Courtesy of Tavis Smiley
There are really only two types of people. Either you’re running scared or you’re running free. I choose to run free, and you can, too, no matter what your circumstances in life.
question because of the lack of eye contact? TS: They could, if I let them. But after 20 years, I’ve gotten pretty good at preventing people from dodging questions. [Laughs]
KW: Nick Antoine asks: Who was your favorite interview of all time? TS: My short answer is: My favorite interview is always the next one. And that’s not a way of avoiding the question. It’s a way of saying that I so love what you and I do, Kam, that I can’t wait to get to the next one. So, that’s my honest answer.
KW: Thanks for another great interview, Tavis. TS: Kam, you’ve always been so nice to me, and so kind to me. I always love talking to you, and I especially enjoy reading the interviews you do with other people. Thank you for the work you do, and thanks for interviewing me again.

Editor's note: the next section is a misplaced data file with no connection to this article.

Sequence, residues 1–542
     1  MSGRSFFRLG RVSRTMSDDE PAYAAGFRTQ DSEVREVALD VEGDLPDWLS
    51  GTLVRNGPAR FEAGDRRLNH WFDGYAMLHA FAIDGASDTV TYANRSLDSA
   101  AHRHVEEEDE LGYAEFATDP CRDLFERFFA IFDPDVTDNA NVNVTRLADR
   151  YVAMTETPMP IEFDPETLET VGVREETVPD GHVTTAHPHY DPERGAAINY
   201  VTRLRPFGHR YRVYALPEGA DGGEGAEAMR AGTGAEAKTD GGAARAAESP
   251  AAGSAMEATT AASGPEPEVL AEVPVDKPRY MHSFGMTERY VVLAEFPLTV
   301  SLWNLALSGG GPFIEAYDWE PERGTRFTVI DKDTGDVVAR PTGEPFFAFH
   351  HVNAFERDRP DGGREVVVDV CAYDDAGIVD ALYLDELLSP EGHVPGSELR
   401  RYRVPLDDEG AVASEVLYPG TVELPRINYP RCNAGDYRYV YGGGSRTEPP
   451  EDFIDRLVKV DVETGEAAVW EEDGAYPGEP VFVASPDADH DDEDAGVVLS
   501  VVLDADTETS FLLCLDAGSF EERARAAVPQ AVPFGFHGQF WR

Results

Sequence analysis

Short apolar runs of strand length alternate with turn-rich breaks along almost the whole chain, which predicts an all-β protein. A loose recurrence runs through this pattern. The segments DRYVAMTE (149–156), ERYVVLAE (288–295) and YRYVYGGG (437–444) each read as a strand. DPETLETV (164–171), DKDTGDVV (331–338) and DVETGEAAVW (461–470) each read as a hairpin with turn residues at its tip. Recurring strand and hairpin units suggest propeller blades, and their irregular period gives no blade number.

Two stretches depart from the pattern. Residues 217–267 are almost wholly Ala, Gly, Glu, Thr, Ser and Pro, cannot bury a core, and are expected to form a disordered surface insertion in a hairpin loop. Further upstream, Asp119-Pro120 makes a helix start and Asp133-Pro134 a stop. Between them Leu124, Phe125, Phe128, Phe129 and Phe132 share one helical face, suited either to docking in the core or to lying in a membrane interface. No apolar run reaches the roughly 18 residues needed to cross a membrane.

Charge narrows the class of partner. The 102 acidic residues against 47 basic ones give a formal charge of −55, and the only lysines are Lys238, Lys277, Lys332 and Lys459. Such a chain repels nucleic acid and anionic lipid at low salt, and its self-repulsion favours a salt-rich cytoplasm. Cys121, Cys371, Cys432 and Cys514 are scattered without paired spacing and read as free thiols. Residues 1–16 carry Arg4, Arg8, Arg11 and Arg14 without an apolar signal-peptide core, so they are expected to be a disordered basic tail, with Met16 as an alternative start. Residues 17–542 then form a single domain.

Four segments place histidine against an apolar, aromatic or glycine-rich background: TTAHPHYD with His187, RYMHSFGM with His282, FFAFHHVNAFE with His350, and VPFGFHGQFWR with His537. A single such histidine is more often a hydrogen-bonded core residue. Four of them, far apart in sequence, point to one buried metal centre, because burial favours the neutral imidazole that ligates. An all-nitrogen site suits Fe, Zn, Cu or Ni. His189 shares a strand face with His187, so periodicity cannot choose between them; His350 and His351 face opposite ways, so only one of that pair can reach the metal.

KW: Harriet Pakula Teweles asks: When an interview’s not face-to-face, do you think a person can more easily evade a
KW: Maybe we can get together the next time you’re in town visiting Dr. West at Princeton. TS: We’ll make it happen.
Insight News • May 23 - May 29, 2011 • Page 9
Voting rights are under attack Child Watch
By Marian Wright Edelman At the signing of the historic Voting Rights Act on August 6, 1965 striking down the discriminatory practices many states had put in place to prohibit Blacks from exercising their right to vote, President Lyndon B. Johnson said, “Today is a triumph for freedom as huge as any victory that has ever been won on any battlefield.” Many Americans think of the fight for voting rights as a struggle that was settled once and for all during the Civil Rights Movement in that celebrated “triumph for freedom,” and is now a piece of history. But that’s a dangerous assumption.